RALEIGH – Republican State Treasurer Dale Folwell said Monday that the proposed Build NC Bond Act should be put on the ballot for a public vote. The proposed draft, if passed by the North Carolina General Assembly in its current form, would allow the N.C. Department of Transportation to issue special indebtedness bonds of up to $3 billion over ten years for transportation projects. The bonds would be paid using money from the Highway Trust Fund, which is supported by fuel taxes – a.k.a. the NCDOT could sign you Joe and Jane Taxpayer up for billions in special debts.
“I’m not against more money for transportation nor am I opposed to the goals of those who support the proposed bonds,” said Folwell.
“I’m against the issuance of any debt that does not meet my guiding principles. I think we need more transparency so that people can decide whether they want to take on more debt in this environment.”
Folwell’s principles are that any debt must be voter approved, all expenditures of the bond proceeds must be subject to the Strategic Transportation Investment Process and all borrowing must adhere to the state’s debt affordability limits.
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The proposed additional debt comes at a time when some are calling for the approval of $1.9 billion in school construction bonds. If the Build NC Bond Act passes along with bonds for school construction the combined state debt would more than double, including $1.8 billion in voter-approved Connect NC bonds that have yet to be issued.
“As the ‘keeper of the public purse,’ I’m in favor of making government simple and streamlining the process for efficiency’s sake,” said Folwell.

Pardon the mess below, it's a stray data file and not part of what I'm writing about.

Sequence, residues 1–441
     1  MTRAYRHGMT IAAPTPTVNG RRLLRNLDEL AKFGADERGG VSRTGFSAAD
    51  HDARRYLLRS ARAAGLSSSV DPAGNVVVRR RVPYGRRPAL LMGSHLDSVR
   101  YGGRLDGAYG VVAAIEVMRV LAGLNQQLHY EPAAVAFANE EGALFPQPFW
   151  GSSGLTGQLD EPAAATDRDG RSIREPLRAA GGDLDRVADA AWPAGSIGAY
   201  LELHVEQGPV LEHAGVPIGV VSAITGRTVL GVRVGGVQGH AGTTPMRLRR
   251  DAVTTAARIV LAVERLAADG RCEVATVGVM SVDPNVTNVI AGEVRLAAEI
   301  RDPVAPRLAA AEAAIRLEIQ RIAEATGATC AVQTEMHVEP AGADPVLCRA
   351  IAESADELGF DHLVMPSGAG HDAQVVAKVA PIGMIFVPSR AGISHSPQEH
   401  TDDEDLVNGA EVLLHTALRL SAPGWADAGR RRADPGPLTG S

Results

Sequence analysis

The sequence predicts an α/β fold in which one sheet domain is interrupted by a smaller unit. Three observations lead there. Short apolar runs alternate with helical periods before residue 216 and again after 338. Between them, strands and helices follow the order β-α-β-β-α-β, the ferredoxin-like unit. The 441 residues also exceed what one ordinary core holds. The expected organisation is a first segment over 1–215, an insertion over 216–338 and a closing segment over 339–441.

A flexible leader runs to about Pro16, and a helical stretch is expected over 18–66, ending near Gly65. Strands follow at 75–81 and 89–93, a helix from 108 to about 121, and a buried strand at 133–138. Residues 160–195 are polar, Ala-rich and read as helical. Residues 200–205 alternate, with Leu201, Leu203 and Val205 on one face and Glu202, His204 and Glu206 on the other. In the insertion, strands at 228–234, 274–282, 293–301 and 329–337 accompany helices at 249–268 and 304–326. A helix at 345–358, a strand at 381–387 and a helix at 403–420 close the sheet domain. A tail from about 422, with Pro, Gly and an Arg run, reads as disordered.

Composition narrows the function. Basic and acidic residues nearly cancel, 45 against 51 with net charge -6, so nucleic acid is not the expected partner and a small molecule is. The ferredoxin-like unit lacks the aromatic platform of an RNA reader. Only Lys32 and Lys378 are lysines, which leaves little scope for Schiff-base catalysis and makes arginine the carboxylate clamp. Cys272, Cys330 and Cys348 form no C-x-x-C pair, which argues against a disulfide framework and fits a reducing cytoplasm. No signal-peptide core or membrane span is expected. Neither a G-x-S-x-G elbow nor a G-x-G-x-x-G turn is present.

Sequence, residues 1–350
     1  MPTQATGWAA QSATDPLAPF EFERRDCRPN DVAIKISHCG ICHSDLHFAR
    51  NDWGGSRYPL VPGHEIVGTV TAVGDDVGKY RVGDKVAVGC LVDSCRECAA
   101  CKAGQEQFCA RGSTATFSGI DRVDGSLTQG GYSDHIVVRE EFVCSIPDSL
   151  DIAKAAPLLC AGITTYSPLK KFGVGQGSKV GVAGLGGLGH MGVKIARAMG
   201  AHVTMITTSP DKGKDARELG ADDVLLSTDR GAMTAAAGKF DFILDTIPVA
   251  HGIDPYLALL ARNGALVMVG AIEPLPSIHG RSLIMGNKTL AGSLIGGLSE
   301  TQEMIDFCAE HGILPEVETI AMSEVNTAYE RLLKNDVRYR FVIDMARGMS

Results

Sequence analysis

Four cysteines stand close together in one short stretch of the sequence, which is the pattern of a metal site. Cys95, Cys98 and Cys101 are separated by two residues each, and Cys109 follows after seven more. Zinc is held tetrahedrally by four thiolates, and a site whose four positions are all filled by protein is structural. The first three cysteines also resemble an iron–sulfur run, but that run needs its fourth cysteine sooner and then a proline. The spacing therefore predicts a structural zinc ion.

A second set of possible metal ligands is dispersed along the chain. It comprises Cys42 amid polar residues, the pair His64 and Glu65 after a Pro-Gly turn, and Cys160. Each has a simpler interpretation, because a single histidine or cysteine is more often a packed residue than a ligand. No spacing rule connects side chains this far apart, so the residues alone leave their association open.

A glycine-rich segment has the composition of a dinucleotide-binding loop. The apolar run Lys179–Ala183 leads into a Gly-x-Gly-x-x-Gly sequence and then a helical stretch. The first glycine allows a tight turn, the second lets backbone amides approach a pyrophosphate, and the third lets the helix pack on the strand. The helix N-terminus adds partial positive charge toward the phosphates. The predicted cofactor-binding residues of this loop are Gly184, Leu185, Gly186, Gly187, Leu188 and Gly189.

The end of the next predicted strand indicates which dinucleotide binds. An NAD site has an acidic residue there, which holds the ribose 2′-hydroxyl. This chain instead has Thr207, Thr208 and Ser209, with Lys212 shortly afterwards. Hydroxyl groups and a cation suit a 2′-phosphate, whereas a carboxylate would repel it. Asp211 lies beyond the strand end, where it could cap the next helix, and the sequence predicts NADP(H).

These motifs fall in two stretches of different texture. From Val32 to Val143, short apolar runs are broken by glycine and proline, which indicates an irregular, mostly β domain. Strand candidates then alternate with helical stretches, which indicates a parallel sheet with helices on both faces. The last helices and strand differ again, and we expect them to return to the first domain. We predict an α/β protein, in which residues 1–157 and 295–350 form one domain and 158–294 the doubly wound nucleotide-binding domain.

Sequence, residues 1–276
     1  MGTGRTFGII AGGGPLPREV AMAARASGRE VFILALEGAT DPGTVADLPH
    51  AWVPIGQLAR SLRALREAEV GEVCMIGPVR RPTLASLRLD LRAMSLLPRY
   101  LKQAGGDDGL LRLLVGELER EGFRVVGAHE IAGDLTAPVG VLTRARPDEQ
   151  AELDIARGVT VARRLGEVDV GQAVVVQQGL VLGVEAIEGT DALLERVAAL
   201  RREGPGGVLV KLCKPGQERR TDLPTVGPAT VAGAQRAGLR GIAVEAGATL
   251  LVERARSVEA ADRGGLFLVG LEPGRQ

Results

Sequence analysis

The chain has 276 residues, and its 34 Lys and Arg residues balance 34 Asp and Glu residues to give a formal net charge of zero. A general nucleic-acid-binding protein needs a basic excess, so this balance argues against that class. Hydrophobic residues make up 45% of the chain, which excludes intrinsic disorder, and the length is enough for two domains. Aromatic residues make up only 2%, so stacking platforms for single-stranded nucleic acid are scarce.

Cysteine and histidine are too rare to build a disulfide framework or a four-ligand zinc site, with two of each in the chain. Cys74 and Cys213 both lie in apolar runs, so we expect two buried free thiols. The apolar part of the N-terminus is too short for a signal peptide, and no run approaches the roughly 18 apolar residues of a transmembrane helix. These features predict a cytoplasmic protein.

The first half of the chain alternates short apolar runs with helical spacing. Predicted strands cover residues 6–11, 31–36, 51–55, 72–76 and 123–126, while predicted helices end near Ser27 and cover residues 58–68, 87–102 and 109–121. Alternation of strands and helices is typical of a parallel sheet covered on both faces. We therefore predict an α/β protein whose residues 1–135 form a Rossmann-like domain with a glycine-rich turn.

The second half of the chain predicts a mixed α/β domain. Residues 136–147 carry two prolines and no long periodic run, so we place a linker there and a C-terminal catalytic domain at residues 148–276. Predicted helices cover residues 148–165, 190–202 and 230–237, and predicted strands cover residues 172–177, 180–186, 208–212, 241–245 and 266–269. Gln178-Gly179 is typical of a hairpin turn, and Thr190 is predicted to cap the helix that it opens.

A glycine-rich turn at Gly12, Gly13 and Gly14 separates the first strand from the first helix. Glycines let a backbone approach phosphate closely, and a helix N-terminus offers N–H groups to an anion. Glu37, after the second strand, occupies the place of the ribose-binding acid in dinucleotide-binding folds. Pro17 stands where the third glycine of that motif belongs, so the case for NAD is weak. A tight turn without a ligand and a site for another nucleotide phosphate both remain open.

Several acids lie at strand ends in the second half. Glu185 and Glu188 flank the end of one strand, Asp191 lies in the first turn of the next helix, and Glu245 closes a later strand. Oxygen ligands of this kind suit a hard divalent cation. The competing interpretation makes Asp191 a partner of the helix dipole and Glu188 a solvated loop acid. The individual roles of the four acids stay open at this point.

“However, it’s important for the people to understand that this additional debt is being issued at a time when we have almost $50 billion in pension and health care liabilities.”
Republicans on Jones Street like to brag about how conservative fiscal reforms got the State out of billions in debt hanging over from Democrats previous leadership. So why are they so willing to sign us up for more and more debt?
Folwell has proven himself, time and again, as an honorable fiduciary when it comes to the tax dollars of North Carolina citizens, and this request regarding the latest bond act is no different.
The North Carolina people should have a say in any new debts incurred, no matter what they are for. Even when on the ballot, new debt initiatives are usually easy to sell.Voters tend to see a harmless bond name and don’t always associate it with their haard earned tax money.
We witnessed that with the Connect NC bond sale. However, when that money starts getting spent on pet projects in select politician’s districts it doesn’t have the same ring to it.
Still, if North Carolina taxpayers are going to be on the hook for what amounts to a new government credit card, making sure citizens have a say in the matter via the ballot box is the least Jones Street can do.
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